Mountains and Waterfalls and Reflections, oh my! FIORDLAND, Preservation Inlet


Heading across the Tasman Sea, the farthest South Allora’s ever been!
I took this pic of Marcus cozily sleeping off watch …
… and then he took this of me in the same state!
Arriving early (too early)!


Last Cove, Preservation Inlet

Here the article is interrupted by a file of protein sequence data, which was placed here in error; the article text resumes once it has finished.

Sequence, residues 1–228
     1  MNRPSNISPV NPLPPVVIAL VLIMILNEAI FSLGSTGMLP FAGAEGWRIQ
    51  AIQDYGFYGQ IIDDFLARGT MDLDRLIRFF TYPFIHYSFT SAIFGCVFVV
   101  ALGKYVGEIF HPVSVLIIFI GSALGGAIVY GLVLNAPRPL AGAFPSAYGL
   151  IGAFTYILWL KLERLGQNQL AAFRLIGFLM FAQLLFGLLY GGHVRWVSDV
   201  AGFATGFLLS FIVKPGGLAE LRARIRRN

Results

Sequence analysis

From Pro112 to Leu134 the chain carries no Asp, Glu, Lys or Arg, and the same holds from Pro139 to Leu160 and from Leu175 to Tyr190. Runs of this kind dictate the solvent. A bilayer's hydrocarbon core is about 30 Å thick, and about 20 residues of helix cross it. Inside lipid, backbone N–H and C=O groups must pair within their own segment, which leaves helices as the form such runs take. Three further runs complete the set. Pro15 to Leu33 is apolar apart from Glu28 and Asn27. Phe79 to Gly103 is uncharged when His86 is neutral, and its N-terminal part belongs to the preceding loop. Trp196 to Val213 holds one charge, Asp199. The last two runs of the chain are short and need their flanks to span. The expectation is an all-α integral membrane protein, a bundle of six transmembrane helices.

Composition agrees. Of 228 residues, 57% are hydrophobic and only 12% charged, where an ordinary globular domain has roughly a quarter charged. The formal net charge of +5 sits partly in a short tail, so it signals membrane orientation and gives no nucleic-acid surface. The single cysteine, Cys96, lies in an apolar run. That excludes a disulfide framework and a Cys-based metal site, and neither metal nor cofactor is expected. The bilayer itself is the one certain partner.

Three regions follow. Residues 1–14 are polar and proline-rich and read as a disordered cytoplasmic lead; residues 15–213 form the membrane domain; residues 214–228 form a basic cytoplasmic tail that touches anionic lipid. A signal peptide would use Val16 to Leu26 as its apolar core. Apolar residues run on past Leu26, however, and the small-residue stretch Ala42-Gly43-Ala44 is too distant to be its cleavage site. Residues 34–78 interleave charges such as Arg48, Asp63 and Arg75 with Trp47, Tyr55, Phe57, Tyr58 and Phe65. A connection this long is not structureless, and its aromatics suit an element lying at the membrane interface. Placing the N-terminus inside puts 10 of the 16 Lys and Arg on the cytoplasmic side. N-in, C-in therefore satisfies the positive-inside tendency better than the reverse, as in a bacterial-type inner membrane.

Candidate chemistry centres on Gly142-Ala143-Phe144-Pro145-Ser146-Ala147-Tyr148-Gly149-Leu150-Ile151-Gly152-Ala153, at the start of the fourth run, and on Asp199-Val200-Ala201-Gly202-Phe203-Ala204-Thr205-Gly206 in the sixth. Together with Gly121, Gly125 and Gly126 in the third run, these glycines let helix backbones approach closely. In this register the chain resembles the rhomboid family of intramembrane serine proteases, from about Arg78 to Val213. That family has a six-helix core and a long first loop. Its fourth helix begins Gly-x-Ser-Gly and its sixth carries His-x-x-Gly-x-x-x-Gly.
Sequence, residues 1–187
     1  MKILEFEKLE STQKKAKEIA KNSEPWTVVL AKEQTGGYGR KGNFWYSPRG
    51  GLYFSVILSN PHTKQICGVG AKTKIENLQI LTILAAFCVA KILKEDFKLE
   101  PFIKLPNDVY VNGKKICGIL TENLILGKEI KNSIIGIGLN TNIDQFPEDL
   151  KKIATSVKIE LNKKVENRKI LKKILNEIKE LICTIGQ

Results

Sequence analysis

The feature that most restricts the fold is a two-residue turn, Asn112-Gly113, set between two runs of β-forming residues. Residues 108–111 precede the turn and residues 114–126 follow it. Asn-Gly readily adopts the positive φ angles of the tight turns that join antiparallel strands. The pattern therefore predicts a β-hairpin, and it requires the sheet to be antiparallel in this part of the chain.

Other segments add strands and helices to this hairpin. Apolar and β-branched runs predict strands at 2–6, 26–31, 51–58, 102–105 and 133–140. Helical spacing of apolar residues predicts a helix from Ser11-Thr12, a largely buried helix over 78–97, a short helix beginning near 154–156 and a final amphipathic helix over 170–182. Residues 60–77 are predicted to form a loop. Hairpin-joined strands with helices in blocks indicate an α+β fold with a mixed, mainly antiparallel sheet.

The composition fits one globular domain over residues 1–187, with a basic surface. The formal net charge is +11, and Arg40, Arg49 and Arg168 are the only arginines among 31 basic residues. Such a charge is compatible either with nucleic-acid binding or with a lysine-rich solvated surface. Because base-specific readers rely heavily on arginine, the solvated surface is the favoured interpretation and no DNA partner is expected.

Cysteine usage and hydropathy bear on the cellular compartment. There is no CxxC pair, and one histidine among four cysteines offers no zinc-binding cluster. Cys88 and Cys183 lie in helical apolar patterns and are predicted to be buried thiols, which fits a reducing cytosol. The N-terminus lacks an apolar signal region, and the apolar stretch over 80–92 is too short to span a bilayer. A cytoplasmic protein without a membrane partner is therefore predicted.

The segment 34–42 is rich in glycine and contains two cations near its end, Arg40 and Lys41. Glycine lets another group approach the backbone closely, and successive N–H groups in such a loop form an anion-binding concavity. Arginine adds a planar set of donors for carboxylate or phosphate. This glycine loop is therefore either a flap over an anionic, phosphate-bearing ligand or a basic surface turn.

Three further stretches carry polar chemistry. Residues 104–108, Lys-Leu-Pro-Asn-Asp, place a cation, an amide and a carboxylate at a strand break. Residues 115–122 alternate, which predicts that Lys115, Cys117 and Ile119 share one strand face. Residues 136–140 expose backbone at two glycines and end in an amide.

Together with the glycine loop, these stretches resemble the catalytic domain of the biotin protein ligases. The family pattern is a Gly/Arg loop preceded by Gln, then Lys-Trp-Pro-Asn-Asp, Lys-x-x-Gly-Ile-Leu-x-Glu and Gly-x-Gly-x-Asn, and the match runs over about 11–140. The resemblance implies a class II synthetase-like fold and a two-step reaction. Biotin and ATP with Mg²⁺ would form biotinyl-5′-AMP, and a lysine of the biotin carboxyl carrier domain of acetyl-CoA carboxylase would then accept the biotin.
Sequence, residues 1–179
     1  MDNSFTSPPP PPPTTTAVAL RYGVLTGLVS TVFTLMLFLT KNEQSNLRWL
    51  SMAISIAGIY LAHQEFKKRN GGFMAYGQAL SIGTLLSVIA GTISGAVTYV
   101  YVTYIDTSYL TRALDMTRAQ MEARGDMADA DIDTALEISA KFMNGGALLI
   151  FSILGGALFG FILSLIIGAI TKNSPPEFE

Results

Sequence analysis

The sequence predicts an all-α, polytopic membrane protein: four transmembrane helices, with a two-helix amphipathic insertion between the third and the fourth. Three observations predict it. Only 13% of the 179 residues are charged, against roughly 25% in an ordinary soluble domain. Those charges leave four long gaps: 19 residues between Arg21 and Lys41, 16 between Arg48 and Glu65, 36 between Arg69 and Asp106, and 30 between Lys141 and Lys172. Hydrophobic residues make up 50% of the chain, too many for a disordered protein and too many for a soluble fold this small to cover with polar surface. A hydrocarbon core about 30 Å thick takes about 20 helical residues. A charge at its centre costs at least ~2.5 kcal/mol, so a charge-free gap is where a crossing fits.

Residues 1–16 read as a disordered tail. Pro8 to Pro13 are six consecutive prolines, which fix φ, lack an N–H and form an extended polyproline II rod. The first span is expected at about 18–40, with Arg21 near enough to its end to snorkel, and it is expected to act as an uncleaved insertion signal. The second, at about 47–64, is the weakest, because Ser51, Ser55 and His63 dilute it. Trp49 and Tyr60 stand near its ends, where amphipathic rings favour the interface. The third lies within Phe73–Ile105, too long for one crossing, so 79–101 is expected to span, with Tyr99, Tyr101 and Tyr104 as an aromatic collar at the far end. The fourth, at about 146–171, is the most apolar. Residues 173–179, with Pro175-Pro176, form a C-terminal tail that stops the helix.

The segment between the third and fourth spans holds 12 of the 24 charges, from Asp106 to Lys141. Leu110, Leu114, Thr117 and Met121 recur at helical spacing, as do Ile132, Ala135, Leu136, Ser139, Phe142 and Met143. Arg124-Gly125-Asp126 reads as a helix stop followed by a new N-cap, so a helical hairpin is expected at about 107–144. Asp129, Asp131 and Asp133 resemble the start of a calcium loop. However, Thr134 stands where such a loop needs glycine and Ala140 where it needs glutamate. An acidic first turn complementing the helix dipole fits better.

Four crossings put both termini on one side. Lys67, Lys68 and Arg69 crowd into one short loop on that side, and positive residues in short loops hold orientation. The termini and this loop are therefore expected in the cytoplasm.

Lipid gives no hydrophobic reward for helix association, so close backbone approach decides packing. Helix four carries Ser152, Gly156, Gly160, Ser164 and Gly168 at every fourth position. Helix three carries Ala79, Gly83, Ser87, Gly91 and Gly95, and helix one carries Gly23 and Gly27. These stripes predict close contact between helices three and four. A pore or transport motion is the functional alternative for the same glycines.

My first series of thoughts were about the precariousness of our situation, and how much we depend on our engine, despite being a sailboat. What in the world would Captain Cook do? We had arrived at the entrance to Preservation Inlet a couple of hours too early, despite our attempts to slow Allora down. No wind but a big southwest swell colliding with a northerly chop was making going slow under power uncomfortable, the mainsail slatting back and forth despite the preventer. We had already decided to edge up toward Dusky Sound (another twenty miles onward) and go in there instead as long as the forecast northerly held off. I’d barely turned Allora in that direction when the wind began building, directly on our nose, gusting up to 16 knots. No harm in poking a little further that way, to kill time. The Puysegur lighthouse flashed bright and high on our beam, a reminder of where in the world’s oceans we were. Puysegur hosts gale winds or stronger 300 days a year. The weather models showed the next gale arriving by afternoon, by which time we needed to be safely tied up at anchor. The first issue with the engine I noticed was that the display at the nav station was off. Weird, I thought. Then I noticed the gauges in the cockpit, shutting off  and popping back on. Very weird. Then the engine warning came on, beeping insistently. What the heck? Thinking mainly at this point of not waking Diana who’d had a very rough night already struggling to get to sleep for the first few hours of my watch, I quickly shut the engine down. Then as we slowed in the airless swell, I pushed the button to start it back up. It flashed and went off. I tried again, it stayed on long enough for me to get a couple slow, battery dead, rolls of the engine. I had been thinking it was time to replace this starter battery, in fact, I had just had a conversation with Willy on Pazzo about how you know when your starter battery is dead. I should have known better than to bring this up with him, since the last boat conversation I’d had with him was about our flawless autopilot, which literally failed the next day (the first time in six and half years). For a few panicked moments I couldn’t think about anything except the weather forecasts I’d been looking at that predicted wind on the nose if you tried to sail for Dusky and no wind at Puysegur until the arrival of the gale. I guess Captain Cook would just have had to sit there roll in the three meter swell and wait for however many hours it was going to be until the gale chased him in. I didn’t like the sound of that at all. I went below and switched the starter battery to combine with the house batteries and the engine started up. Phew! But the engine warning was still blaring CHCK ENGINE. Amazingly, Diana was still sound asleep, despite about the blaring warning lights, or me running up and down the companionway, starting and stopping the engine. Okay, I checked the oil. I checked the temperature. I checked the cooling system. I checked the transmission. All good. The engine sounded absolutely fine. I’d installed the display at the Nav because supposedly it might give me more information than just CHCK ENGINE… how about check battery, or check electrical system? I reluctantly woke up Diana to tell her about the situation. It definitely did not seem like a good idea to head toward Dusky, we agreed. I figured out how to make the engine warning beep a little bit quieter below and she tried to get back to sleep. I started a slow zig zag toward Puysegur lighthouse, chugging along at under 3 knots, keeping a wary eye on the churning cauldron of Balleny Breaks less than a mile northeast of us and slowly got used to the steady ringing of the engine warning. We motored up the stunning Preservation Inlet to Last Cove as I kicked myself for ignoring my instinct to replace that starter battery. I’d checked it and it seemed okay, but it would have been relatively cheap and easy to replace it, just in case, and not be in this situation. Our first anchorage in Fiordland. We’ve been working on how to set our anchor and lines, a sleepless night from the passage and an engine with a steady CHCK ENGINE still blaring did not make it easier. With a big blow coming we wanted to get it right. 300 feet of rode and two lines to shore.